What types of clothes dryers are available?
Dryers used to be tumbling hot boxes that liberated housewives from having to line-dry clothes and iron everything. Now dryers have grown up to be more energy-efficient and include new sensors and settings that protect clothes from one-size-fits-all high heat. They can even produce wrinkle-free clothes--no iron needed. And most are sold in stylish, modern, or colorful sets with matching washing machines that are side-by-side or stacked. Here are the basic types of clothes dryers you'll find when you start your appliance hunt:
These models are standard fare. They take up permanent space in your kitchen and are built in with a drop-down hinged door. They now come in stainless steel or can blend into your cabinetry style. Most standard-size dishwashers take about 2.4 gallons of water to wash a load.
Power requirement: 240-volt outlet
Who it's best for: The budget shopper who wants to plug the dryer into an existing laundry area in their home or rental.
Most gas dryers cost $50 to $100 more than their electronic counterparts. But over time, they are more cost effective to operate. The only hitch is that you need a gas hookup in your laundry area to install the dryer.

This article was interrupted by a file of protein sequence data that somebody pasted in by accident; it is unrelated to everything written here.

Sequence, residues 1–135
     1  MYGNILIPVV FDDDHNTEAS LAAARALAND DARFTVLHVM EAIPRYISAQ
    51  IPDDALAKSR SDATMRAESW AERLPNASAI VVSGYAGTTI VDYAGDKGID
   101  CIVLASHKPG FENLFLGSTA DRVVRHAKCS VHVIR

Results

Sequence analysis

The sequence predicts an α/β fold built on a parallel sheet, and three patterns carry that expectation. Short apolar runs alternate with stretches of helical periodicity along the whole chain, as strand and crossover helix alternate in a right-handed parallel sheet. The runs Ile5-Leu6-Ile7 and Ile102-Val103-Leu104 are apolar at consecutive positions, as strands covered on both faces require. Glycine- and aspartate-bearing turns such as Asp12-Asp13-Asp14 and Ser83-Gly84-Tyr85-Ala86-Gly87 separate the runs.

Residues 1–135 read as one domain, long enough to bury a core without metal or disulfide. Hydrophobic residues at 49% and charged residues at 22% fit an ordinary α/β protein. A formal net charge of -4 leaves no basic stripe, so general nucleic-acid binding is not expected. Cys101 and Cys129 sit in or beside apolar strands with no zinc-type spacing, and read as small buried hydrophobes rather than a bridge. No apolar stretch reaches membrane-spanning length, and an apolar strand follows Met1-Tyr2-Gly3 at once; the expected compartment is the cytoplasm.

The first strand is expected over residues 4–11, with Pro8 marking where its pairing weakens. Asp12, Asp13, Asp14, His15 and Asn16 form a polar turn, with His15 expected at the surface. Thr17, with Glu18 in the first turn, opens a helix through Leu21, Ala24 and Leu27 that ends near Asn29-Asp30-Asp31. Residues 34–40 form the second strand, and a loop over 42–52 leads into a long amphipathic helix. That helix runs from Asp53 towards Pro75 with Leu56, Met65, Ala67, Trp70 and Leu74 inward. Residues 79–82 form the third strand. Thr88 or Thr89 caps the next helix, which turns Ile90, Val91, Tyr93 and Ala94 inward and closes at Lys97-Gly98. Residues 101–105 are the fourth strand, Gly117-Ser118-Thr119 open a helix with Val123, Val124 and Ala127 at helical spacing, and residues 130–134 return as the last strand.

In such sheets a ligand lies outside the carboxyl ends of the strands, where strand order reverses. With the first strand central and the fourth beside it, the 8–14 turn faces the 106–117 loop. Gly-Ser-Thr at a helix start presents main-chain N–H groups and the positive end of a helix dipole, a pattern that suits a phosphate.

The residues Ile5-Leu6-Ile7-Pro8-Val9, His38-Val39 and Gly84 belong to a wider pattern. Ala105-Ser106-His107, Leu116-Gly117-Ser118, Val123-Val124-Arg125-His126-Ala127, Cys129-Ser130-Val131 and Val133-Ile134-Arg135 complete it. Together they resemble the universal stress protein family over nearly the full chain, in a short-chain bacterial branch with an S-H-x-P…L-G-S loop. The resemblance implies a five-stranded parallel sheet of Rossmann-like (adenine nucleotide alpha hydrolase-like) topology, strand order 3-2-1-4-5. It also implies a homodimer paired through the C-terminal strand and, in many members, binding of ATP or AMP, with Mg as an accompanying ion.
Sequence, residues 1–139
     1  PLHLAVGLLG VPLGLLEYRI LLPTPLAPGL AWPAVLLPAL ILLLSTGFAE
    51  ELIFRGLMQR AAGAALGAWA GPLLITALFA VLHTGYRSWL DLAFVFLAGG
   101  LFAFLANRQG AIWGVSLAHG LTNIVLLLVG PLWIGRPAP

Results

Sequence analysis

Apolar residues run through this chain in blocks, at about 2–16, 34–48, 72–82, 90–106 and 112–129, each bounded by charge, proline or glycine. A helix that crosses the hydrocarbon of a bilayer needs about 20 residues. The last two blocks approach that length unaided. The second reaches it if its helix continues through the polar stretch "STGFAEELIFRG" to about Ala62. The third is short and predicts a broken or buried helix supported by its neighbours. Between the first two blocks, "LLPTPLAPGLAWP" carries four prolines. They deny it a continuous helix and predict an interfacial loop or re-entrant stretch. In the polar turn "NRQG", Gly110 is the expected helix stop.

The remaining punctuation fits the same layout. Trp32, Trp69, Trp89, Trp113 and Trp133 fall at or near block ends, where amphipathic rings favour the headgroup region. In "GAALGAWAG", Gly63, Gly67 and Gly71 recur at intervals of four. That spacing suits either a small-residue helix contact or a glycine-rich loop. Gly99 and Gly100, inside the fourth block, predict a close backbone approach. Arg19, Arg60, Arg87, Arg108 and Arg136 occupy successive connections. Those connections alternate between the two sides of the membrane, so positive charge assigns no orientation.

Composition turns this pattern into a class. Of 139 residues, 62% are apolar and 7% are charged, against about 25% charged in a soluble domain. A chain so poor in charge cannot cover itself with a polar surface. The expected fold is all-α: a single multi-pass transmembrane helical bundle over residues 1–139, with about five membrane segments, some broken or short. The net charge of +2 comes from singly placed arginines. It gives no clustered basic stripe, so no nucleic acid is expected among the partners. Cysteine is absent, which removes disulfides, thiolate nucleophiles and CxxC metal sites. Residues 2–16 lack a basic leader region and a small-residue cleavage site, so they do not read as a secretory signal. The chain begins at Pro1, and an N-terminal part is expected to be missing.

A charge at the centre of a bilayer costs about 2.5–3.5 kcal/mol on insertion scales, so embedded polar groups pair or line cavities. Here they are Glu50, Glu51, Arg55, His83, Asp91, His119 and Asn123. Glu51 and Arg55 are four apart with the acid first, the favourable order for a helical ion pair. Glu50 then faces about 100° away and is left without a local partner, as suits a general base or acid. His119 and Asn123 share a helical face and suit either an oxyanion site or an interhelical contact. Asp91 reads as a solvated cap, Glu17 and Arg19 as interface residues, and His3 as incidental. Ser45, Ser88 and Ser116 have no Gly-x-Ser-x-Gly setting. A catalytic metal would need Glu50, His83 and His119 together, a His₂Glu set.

Power requirement: Gas line
Who it's best for: Budget-conscious homeowners who want to save money over the long haul and can afford to install the necessary gas line
Laundry centers come in gas or electric and are typically integrated stacked units with a top-loading washer on the bottom and front-loading dryer on the top. They are found in many apartments and condos behind a closed closet door. There also are compact electric dryers that have about half the capacity of full-size dryers and can be stacked on top of matching washing machines.
Price: $850-$2,000 for laundry center; $300-$500
Power requirement: 120-volt or 240-volt outlet or gas line
Who it's best for: People with big budgets who do small loads of dishes and have limited cabinet space